The 12-woman World Cup team features three Olympians — Ryan Carlyle, Lauren Doyle and Joanne Fa’avesi. Missing is top scorer Alev Kelter, who scored five tries en route to Team USA’s fifth-place finish in rugby sevens’ Olympic debut in Rio. Kelter, who scored 18 tries this season and was initially named to the World Cup squad, is still recovering from an injury she sustained during the women’s sevens series.

But the USA Eagles won’t be lacking for scorers at the World Cup. A veteran of the 2017 World Cup (15s) team, Naya Tapper was the high scorer for the U.S. this year with 26 tries. The 23-year-old took up rugby while at the University of North Carolina at Chapel Hill.

Other big scorers on the team include captain Nicole Heavirland and Carlyle, who both scored seven tries in this past world sevens series. Heavirland, 23, attended West Point, where she transitioned from basketball to rugby in the spring of 2015. She made her USA Rugby debut during the 2015-16 World Rugby sevens series and was named a reserve player for the 2016 U.S. Olympic Team.

Carlyle, 28, was a multisport athlete in high school and former body builder who made her international rugby debut in 2011. She is the only member of the 2018 squad who competed for bronze at the 2013 rugby sevens World Cup.

In her first major international tournament, Ilona Maher, 21, is called an “impressive new face” by USA Rugby. From Burlington, Vermont, Maher made her USA Rugby debut in May 2018 at the HSBC World Rugby Sevens Series’ final stop in Paris, where she scored two tries. Maher took up rugby at Quinnipiac College and received the MA Sorenson Award as the top collegiate rugby player in 2017.

The U.S. women’s team also includes 2017 World Cup (15s) players Cheta Emba, Jordan Gray, Abby Gustaitis, Kris Thomas and Kate Zackary, plus Kelsi Stockert, who replaces Kelter.

How Does The Tournament Work?

The men’s World Cup features 24 teams competing in knockout games. Teams have to win each 14-minute match (two seven-minute halves with one minute between) in order to advance to the championship round.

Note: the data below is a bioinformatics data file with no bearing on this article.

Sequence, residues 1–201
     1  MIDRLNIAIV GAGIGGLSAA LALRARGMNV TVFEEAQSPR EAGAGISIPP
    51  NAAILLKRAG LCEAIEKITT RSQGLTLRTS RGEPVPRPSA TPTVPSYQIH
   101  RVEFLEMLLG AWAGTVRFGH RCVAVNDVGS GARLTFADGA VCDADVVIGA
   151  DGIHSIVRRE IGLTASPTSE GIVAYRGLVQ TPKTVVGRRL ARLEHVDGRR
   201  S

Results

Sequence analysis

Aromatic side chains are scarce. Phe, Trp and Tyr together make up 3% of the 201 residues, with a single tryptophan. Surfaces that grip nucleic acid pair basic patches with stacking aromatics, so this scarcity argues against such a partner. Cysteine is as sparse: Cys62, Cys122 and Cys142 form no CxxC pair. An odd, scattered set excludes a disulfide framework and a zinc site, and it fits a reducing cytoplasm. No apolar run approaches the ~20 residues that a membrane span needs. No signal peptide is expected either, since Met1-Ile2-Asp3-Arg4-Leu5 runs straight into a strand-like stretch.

For the men, the 16 lowest-ranked teams will compete in pre-round matches. The eight winners advance to play the top-eight ranked teams in the round of 16 on Friday.

The U.S. men compete on Friday evening against the winner of the Wales vs. Zimbabwe pre-round of 16 match. Ranked 13th this year, Wales won the 2009 World Cup title but did not advance from the quarterfinals in 2013. Neither Zimbabwe nor the U.S. qualified for the championship final in 2013.

Quarterfinals will be held on Saturday, with semifinals and the gold and bronze finals scheduled for Sunday.

The women’s tournament has 16 teams, with the American women competing against unseeded China on Friday afternoon. If the U.S. wins, it will face either Russia or South Africa in the quarterfinals on Friday evening. This season, Russia is ranked fourth, South Africa 11th.

For the women, semifinals and finals will be held on Saturday.

A freelance writer based in Vermont, Peggy Shinn has covered five Olympic Games. She has contributed to TeamUSA.org since its inception in 2008.

Related Athletes

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Ryan Carlyle

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Lauren Doyle

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Joanne Fa’avesi

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Alev Kelter

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Carlin Isles

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Ben Pinkelman

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Danny Barrett

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Folau Niua

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Maka Unufe

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Madison Hughes

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Perry Baker

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Martin Iosefo